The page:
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Critically ill Indigenous rights activist to be assessed by liver specialist in Toronto
A well-known Indigenous rights activist in desperate need of a liver transplant is being transferred to a hospital in Toronto to be assessed by a liver specialist.
Delilah Saunders is currently in a Ottawa hospital slipping in and out of consciousness suffering acute liver failure. Her family says it was caused by taking medication for a tooth ache.
The doctors have told them she needs a liver transplant, but isn't eligible.
“They’re even refusing me to give a part of my liver to save my baby,” says Miriam Saunders, Delilah’s mother.
The agency that oversees Ontario's transplant system states a patient must abstain from alcohol for six months before they can receive a liver transplant.
Delilah Saunders is the sister of 26-year-old Loretta Saunders, who was found dead in a wooded area off the Trans-Canada Highway in New Brunswick two weeks after disappearing from her Halifax apartment. Since then, Delilah has become an outspoken advocate for murdered and missing Indigenous women.
Darlene Gilbert helped the Saunders family when Loretta was murdered. She organized a vigil for Delilah in Halifax Thursday night.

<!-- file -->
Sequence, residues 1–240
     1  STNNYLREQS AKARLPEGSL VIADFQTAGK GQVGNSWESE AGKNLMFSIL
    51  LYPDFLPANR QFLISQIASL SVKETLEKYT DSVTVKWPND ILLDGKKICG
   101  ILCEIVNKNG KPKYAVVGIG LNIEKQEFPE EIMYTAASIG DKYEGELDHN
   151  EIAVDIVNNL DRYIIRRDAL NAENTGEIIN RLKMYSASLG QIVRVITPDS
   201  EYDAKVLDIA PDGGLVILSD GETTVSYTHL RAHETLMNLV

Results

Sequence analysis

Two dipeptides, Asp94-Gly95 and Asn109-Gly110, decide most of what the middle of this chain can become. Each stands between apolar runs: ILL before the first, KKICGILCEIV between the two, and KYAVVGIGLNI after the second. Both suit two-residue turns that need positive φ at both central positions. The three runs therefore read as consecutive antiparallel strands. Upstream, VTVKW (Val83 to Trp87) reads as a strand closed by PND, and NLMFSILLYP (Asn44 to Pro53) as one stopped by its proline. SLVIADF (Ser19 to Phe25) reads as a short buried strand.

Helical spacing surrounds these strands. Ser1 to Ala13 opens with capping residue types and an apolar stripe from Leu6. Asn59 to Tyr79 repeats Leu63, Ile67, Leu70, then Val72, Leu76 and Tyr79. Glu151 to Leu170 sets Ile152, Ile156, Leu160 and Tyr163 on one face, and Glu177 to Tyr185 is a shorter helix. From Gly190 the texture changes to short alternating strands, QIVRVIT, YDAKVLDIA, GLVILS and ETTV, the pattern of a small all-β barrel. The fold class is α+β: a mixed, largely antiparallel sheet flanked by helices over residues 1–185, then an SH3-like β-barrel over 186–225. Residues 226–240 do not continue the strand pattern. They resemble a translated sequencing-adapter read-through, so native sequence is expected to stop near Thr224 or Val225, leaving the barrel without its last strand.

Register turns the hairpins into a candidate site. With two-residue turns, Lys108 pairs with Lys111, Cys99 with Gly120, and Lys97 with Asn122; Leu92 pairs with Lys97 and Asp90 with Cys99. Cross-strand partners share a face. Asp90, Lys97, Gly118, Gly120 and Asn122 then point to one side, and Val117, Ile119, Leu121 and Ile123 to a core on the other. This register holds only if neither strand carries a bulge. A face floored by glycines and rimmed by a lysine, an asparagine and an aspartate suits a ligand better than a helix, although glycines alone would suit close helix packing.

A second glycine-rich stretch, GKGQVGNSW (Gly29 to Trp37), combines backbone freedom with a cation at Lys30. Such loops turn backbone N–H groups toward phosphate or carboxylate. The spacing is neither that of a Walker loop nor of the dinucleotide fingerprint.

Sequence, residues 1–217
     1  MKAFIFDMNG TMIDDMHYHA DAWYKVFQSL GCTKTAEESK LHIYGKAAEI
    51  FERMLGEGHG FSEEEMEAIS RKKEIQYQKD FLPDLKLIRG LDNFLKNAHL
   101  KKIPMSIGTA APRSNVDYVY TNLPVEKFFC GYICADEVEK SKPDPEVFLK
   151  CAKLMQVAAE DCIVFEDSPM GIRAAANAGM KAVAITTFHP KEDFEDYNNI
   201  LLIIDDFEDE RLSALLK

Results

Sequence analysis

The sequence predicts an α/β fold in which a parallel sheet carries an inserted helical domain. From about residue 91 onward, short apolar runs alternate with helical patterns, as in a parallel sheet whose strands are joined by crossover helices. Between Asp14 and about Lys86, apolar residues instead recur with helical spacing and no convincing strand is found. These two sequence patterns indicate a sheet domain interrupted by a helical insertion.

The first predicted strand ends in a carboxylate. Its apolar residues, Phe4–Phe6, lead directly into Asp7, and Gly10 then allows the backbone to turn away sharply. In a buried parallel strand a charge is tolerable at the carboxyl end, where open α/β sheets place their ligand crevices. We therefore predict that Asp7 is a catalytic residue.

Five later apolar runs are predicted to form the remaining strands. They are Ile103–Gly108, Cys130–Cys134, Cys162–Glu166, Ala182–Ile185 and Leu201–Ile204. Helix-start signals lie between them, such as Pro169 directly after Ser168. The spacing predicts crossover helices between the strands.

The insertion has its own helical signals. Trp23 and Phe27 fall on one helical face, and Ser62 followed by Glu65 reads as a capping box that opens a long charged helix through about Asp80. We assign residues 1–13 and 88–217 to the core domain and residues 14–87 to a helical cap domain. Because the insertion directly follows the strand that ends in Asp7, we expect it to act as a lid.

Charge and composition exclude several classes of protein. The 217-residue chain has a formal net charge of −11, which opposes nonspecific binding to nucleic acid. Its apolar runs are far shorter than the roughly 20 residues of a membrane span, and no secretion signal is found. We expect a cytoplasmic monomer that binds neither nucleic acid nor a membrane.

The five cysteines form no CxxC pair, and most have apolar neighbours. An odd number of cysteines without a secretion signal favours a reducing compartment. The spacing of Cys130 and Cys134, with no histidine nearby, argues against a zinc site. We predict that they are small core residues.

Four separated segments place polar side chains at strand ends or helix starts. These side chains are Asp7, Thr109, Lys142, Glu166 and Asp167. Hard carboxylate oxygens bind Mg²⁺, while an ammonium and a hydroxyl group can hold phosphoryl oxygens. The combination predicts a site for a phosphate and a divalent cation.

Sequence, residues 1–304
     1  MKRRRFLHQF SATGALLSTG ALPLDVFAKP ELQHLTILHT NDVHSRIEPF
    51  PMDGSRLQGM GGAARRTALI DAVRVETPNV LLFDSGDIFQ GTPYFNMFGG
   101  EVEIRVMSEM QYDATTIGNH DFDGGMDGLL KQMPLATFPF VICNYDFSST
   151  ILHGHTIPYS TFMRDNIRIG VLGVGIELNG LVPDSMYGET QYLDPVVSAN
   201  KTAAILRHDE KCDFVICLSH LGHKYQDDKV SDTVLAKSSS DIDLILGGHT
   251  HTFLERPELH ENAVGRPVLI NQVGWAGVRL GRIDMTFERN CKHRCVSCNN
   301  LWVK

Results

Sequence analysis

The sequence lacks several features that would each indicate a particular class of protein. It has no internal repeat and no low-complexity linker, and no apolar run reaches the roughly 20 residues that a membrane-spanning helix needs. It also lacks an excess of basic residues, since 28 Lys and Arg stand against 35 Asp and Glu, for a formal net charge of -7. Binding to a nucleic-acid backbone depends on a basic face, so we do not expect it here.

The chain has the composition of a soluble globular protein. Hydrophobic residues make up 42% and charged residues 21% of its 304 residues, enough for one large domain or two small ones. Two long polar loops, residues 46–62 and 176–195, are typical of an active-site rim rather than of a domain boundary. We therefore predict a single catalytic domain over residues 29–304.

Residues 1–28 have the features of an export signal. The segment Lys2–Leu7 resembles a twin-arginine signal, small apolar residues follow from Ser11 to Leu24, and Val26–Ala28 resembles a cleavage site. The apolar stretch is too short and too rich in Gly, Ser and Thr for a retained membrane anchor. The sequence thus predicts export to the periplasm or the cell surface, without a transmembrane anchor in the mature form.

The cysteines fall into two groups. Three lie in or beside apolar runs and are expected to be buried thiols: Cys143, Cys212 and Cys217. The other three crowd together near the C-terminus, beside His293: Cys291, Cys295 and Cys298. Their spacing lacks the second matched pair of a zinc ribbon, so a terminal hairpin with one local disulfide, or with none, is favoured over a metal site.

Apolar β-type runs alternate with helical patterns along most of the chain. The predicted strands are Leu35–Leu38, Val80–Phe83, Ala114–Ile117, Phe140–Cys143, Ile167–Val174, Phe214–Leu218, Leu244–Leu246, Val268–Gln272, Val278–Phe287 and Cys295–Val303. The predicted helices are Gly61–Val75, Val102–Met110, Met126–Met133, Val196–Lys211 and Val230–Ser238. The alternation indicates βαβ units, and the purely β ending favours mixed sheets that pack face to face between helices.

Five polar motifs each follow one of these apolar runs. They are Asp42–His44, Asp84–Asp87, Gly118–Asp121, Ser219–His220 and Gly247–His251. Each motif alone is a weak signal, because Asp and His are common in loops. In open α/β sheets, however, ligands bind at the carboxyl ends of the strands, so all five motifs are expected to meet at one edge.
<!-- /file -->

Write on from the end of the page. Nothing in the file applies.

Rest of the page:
“She lost her sister. Yes, she's struggled with addiction. We all struggle with addiction. But the point is everyone deserves a second chance at life,” says Gilbert.
Debra Selkirk's husband died after he was turned down for a transplant due to alcohol abuse.
She took the Ontario government to court and won. Trillium Gift of Life Network was ordered to review those strict guidelines, but that doesn’t begin until August 2018.
There’s concern Delilah can’t wait that long.
“Because they're Canadians and they have universal health care and I believe that everyone has the same right to health care treatment as the next patient,” says Selkirk.
There is now an online petition asking for signatures of support and a GoFundMe page for the Saunders family.
The Saunders have hired a lawyer and been contacted by Amnesty International. They believe the transplant rule violates human rights.
“They told me her liver has failed and she needs a liver. So I’m sitting here while I watch our Government of Canada murder my daughter,” Miriam Saunders says.
With files from CTV Atlantic’s Kelland Sundahl.